It was later revealed that Brown had actually survived, albeit hideously scarred, to launch a campaign of vengeance against Batman, whom he blamed for the death of his daughter.
Created by Gardner Fox and Carmine Infantino
First Appearance: Detective Comics (1937) #351
View a chronological listing of this character's appearances
#4 Batgirl (2009)
- 'The Brave...and the Bold'
#201 Batman: Arkham Asylum Special (2009)
- 'Batman's Gangland Guardians!'#293
- 'The Testimony of Luthor!'#294
- 'Testimony of the Joker'#336
- 'While The Bat's Away...'#336 (Newsstand Edition)
- 'While The Bat's Away...'#400
- 'Resurrection Night!'#643
- 'War Crimes, Part 2: Minor Discrepancies'
Batman: Blackgate (1997)
Batman: Blackgate - Isle of Men (1998)
#1 Batman: Cataclysm (1999)
- 'Cataclysm, Part Eight: Isle of Men'
Batman: Prodigal (1997)
Batman: Spoiler/Huntress: Blunt Trauma (1998)
#1 Batman: The Strange Deaths Of Batman (2009)
- 'Cataclysm, Part Thirteen: Blunt Trauma'
TPB Batman: War Crimes (2006)
- 'Batman: The Strange Deaths Of Batman'
Birds of Prey (1999)
#40 Crisis on Infinite Earths (1985)
- 'Bruce Wayne: Murderer?, Part Twelve: Switchback'
DC Comics Presents: Young Justice (2010)
DC Comics: the Sequential Art of Amanda Conner (2012)
HC DC Retroactive: JLA - The '90s (2011)
- 'DC Comics: the Sequential Art of Amanda Conner'
Detective Comics (1937)
#351 Flashpoint: The Legion of Doom (2011)
- 'The Cluemaster's Topsy-Turvy Crimes!'#607
- 'The Mud Pack, Part Four: The China Clay Syndrome'#647
- 'Inquiring Minds'#648
- 'Let the Puzzlement Fit the Crime'#649
- 'Prodigal, Part Seven: A Twice Told Tale'#705
- 'Badd Girls'#706
- 'Lethal Pursuits'#707
Justice League America (1989)
Annual 04 Justice League Europe (1989)
- 'What's Black and White and Black and White and Bl...'#53
- 'Blown Away'#57
- 'The Descent of... Despero!'#58
#6 Justice League International (1987)
- 'No More Teachers' Dirty Looks...?!'#33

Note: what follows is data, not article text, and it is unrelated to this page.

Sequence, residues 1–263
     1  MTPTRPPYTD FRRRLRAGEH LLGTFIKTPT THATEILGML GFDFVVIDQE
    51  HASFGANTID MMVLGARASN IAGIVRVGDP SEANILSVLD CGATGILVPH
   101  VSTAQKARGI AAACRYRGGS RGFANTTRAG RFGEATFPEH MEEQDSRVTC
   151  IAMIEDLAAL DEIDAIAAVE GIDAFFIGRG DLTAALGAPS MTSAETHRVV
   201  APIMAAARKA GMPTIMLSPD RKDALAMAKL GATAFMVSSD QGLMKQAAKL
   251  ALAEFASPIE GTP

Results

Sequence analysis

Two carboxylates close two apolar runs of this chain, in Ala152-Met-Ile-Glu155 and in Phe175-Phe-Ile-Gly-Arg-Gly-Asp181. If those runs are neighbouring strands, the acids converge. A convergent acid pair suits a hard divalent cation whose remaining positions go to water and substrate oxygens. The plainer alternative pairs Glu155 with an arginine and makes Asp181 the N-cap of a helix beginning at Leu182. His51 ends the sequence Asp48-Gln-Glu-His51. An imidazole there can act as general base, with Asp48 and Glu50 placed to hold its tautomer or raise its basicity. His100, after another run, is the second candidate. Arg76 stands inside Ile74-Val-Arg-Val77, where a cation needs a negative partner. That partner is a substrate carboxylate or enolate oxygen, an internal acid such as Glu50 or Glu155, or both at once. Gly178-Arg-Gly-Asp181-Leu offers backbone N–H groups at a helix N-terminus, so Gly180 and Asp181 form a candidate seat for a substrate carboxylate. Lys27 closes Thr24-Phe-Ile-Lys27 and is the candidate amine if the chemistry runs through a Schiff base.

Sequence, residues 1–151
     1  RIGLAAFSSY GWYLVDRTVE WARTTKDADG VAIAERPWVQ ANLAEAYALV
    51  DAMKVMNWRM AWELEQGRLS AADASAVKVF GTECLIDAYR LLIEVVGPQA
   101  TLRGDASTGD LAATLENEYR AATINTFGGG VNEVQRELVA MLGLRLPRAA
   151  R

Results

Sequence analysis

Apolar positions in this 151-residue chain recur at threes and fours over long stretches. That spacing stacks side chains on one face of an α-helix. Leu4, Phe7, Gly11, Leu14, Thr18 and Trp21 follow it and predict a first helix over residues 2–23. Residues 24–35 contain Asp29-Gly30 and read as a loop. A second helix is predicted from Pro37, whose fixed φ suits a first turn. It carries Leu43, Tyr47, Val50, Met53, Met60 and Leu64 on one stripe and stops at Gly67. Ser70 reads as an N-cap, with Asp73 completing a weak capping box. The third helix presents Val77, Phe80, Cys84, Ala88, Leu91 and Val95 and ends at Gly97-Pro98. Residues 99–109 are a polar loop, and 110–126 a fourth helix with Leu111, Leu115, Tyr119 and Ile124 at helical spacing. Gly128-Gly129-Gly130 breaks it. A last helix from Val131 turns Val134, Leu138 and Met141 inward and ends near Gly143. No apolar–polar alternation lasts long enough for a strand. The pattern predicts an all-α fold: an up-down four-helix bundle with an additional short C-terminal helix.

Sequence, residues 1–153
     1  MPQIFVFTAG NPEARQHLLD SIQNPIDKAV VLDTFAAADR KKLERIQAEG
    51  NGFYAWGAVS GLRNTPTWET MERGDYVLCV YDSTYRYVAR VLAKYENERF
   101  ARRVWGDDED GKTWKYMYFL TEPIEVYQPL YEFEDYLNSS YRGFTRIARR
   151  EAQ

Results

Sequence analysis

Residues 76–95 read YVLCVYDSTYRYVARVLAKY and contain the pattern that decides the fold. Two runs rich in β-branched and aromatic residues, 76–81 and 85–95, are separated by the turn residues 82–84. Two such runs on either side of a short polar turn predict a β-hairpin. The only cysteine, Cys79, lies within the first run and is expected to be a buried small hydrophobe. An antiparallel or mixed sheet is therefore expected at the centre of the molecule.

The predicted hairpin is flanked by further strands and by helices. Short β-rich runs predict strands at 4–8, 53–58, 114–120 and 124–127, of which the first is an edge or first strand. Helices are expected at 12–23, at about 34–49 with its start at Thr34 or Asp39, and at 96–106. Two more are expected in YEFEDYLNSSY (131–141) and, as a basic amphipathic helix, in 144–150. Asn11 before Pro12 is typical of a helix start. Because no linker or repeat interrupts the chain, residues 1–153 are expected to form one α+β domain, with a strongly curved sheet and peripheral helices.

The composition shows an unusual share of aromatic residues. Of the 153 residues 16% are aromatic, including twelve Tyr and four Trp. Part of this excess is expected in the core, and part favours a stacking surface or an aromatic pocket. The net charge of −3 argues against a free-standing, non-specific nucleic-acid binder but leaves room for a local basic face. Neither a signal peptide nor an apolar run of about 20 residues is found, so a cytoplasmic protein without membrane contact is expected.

- 'Breakdowns, Part 10: Mere Anarchy'#49
- 'Red Winter, Part 5: Hard Ground'#50
- 'Red Winter, Part 6: The Ice Breaks'
Justice League Quarterly (1990)
Justice League Sourcebook (1990)
TPB Robin: Year One (2000)
- 'Flying Solo'#0
- 'Brothers in Arms'#1
- 'Last Gasps'#14
- 'Troika, Part Four: Big City Bomber'#14 (Regular cover.)
- 'Troika, Part Four: Big City Bomber'#15
- 'Looking for Clues'#16
- 'All Fall Down'#54
- 'Aftershock: Repercussions'#56
- 'Love Stinks'#57
- 'Date Night'#65
- 'A Blessed Event'#85
- 'Fool's Errand'#92
- 'A Leap of Faith'#93
- 'Close to Home'#94
- 'A Question of Timing'#101
- 'World Without Young Justice, Part Three: Redone by the Vandal(s) of Time'#102
- 'Stage Presence'#111
- 'Dating for the Clueless'
Secret Origins 80-Page Giant (1998)
Suicide Squad (2001)
#1 The Batman Chronicles Gallery (1997)
- 'Almost a Good Idea'
The Batman Family (1975)
The DC Comics Encyclopedia (2004)
HC Underworld Unleashed (1995)
- 'The DC Comics Encyclopedia'HC
- 'The DC Comics Encyclopedia: Updated And Expanded'
#1 Who's Who in the DC Universe (1990)
- 'Underworld Unleashed'
#14 Who's Who: The Definitive Directory of the DC Universe (1985)
- 'Anarky to Wildebeest'
- 'Chronos to Cyclotron'
Injustice League (DC)(02 - JLI Villains/Members)
Justice League Antarctica (DC)
Suicide Squad (DC)(04 - Gen. Rock's Squad)
Famous Quotes: - Add a Famous Quote
< Previous Character | Next Character >
Add this character to a run of issues in a title
Suggest an image for this character
View the contribution history for this character